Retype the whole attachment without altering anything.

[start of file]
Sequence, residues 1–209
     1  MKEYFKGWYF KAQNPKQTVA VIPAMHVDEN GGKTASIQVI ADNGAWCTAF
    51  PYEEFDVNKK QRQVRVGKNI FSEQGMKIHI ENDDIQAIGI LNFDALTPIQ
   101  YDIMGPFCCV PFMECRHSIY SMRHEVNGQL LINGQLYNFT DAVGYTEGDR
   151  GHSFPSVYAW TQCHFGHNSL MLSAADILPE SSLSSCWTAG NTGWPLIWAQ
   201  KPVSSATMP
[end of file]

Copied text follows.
Sequence, residues 1–209
     1  MKEYFKGWYF KAQNPKQTVA VIPAMHVDEN GGKTASIQVI ADNGAWCTAF
    51  PYEEFDVNKK QRQVRVGKNI FSEQGMKIHI ENDDIQAIGI LNFDALTPIQ
   101  YDIMGPFCCV PFMECRHSIY SMRHEVNGQL LINGQLYNFT DAVGYTEGDR
   151  GHSFPSVYAW TQCHFGHNSL MLSAADILPE SSLSSCWTAG NTGWPLIWAQ
   201  KPVSSATMP